The Pike  and Virginia Building                                                               Photography: Dick Busher

The Pike  and Virginia Building                                                               Photography: Dick Busher

“The Pike and Virginia building integrated architecture into the urban fabric the way others had integrated with nature. I became devoted to urban life and have lived in downtown Seattle for over 30 years.”

Urban Sanctuary                                                                Photography:  Tim Bies

Urban Sanctuary                                                                Photography:  Eduardo Calderon

“The urban apartment I share with my wife Katherine is an experiment involving the complete blending of architecture and art. Art actually surrounds the architecture as a huge mural wraps the living room. This immersion in art on a personal level helped to prepare me to create many other environments for fine art."

     The Whatcom Museum's Lightcatcher Building                                         Photography:  Tim Bies

   The Whatcom Museum's Lightcatcher Building                             Photography:   Benjamin Benschneider 

“The Whatcom Museum's Lightcatcher Building is my first stand-alone art museum. The building is a study in light, art, and public space.”

Gallery House                                         Photography:  John Vaughan


Gallery House                                                                                                                                            Photography: Art Grice

"Gallery House was the first art collector’s residence that I designed and led to a number of subsequent houses for art collectors.”

Red House                                         Photography:  Bruce Van Inwegen

“The objective for the Red House was to create a private paradise within a bustling city and a home that feels public in parts, and private and secluded in others. The result is at once a home, a museum and a response to its urban environment.”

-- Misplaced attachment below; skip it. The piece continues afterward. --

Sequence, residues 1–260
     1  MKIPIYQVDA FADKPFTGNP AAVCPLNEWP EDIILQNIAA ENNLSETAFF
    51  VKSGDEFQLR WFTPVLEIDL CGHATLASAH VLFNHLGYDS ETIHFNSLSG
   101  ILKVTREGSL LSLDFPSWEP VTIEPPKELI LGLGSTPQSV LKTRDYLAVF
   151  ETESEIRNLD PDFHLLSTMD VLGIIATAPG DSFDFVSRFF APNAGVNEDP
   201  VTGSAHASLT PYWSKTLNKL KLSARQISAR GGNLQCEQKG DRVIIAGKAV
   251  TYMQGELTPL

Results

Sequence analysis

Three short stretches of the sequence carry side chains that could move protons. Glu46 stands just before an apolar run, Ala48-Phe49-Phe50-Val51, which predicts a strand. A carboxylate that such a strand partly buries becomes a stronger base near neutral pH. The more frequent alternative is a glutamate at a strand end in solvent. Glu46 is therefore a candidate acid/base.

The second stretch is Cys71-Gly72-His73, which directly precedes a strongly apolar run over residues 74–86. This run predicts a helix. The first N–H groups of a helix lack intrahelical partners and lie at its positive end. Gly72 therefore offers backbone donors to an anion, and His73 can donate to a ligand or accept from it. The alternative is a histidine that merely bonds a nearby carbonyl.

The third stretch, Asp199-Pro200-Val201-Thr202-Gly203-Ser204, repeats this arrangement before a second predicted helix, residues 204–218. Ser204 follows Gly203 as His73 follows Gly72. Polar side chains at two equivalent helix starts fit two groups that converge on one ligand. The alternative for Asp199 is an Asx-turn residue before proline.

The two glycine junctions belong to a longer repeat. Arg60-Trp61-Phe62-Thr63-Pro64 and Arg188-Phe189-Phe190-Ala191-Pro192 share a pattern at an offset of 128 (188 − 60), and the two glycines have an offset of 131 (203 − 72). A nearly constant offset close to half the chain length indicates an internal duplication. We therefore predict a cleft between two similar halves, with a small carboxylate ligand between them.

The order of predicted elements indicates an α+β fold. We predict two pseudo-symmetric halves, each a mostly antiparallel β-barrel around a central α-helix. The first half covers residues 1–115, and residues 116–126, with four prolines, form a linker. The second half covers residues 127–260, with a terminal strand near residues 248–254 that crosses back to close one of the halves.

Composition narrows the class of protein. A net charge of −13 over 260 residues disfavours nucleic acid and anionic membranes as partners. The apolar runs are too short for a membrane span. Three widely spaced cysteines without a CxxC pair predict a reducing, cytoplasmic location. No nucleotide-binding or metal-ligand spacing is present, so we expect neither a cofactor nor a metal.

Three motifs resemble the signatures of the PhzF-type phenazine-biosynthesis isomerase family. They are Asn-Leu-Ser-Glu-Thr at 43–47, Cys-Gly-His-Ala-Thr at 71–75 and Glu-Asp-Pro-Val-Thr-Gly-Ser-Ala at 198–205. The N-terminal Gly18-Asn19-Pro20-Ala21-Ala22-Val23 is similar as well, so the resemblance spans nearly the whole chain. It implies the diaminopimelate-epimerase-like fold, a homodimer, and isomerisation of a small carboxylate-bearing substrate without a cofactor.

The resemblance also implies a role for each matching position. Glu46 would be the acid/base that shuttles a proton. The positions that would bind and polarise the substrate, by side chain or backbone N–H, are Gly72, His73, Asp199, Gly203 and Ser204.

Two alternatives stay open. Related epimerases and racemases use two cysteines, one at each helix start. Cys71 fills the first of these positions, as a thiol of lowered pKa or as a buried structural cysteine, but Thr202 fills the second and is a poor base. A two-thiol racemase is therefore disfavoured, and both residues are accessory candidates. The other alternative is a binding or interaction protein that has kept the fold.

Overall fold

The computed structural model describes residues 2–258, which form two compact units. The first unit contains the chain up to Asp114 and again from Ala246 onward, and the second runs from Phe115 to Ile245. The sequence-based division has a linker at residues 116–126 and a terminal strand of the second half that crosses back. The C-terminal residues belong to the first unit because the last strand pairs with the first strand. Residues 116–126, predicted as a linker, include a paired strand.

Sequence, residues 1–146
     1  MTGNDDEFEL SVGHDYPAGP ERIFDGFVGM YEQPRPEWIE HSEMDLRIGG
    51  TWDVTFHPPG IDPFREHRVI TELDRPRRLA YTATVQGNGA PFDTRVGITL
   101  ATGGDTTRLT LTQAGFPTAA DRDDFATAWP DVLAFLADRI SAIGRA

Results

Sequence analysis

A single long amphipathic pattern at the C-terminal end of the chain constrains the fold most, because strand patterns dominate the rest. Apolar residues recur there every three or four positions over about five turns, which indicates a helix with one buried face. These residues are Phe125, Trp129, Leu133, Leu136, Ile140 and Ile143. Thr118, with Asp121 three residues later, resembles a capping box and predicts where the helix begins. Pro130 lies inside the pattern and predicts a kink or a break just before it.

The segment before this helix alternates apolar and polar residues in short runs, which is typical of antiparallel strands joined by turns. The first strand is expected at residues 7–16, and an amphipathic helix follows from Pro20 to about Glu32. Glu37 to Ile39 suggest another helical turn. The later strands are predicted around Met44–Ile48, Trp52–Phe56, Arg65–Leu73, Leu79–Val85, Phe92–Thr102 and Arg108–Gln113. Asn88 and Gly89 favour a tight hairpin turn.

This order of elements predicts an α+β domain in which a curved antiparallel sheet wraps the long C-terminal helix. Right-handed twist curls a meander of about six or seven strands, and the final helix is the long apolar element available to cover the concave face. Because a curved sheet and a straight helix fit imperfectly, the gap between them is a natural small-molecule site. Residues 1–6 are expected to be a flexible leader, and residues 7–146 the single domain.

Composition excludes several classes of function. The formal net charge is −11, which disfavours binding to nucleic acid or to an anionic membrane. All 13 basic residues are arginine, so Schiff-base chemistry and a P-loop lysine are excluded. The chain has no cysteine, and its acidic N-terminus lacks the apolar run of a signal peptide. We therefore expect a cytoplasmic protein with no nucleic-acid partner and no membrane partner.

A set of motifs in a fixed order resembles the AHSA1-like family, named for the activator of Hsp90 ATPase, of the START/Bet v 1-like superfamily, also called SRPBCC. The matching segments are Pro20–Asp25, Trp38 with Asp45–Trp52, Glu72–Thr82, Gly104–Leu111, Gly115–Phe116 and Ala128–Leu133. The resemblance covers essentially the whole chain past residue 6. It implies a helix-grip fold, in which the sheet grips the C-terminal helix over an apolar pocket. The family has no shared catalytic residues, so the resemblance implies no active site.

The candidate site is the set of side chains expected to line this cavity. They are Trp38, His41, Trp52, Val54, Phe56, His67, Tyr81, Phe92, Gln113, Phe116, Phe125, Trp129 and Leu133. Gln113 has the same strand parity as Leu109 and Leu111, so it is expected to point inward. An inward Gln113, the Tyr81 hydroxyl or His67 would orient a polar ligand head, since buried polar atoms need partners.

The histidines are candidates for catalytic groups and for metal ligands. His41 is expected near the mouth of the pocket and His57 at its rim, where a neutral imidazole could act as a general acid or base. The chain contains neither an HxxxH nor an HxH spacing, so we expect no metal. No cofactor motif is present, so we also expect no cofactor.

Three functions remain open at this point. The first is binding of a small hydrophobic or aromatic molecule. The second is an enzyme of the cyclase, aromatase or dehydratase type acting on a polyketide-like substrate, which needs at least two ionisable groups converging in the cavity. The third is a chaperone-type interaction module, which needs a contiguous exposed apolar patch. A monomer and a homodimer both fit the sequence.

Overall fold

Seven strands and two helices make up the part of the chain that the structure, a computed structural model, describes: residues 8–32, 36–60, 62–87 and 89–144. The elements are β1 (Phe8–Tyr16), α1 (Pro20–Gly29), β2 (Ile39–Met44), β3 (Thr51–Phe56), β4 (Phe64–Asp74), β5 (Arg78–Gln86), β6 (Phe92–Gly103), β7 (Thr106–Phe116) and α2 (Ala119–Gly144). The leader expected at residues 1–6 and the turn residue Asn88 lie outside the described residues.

Communicating through his structures, his strong sensibilities of space inclusion and division, integrating outdoors with indoors, framing views, playing with imagery – both existent and imagined, Jim credits his inspirational sojourns and maturing milestones to Ar. Frank Lloyd Wright, artist James Turrell to a large extent, NW architects Paul Kirk and Ralph Anderson, traditional Japanese architecture, and nature.


Here's a peek into Jim's book:


We sum up with a video on our honoured Special Guest for this month – Ar. Jim Olson. The video takes a short peek into his mind, brain and of course, predominantly his heart.

1 comment :

  1. Very fortunate are the students and trainees who worked under Jim Olson's mentorship. His approach to architecture and his projects have always been very intensively thought out, encompassing all the elements from physical to psychological. His reasoning and substantiation for his designs are always based on sound experience, and not something which has been regurgitated from a textbook or magazine.
    Posted by Anup Magan on Linkedin Group: London Architecture Network